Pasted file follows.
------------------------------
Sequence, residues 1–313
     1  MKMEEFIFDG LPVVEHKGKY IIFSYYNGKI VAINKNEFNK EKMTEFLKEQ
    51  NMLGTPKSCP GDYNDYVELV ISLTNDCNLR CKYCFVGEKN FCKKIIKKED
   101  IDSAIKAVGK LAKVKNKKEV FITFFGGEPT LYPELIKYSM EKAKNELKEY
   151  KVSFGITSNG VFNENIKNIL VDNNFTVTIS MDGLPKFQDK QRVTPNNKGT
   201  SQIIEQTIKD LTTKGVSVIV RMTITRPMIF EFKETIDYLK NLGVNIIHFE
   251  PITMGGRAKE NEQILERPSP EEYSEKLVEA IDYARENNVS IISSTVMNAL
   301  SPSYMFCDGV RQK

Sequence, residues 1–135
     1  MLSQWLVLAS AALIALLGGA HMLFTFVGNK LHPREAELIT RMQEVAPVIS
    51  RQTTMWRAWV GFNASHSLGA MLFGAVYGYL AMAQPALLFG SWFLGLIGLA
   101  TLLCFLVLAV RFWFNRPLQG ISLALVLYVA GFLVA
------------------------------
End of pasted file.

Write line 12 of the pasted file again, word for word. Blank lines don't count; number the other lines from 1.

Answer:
   101  TLLCFLVLAV RFWFNRPLQG ISLALVLYVA GFLVA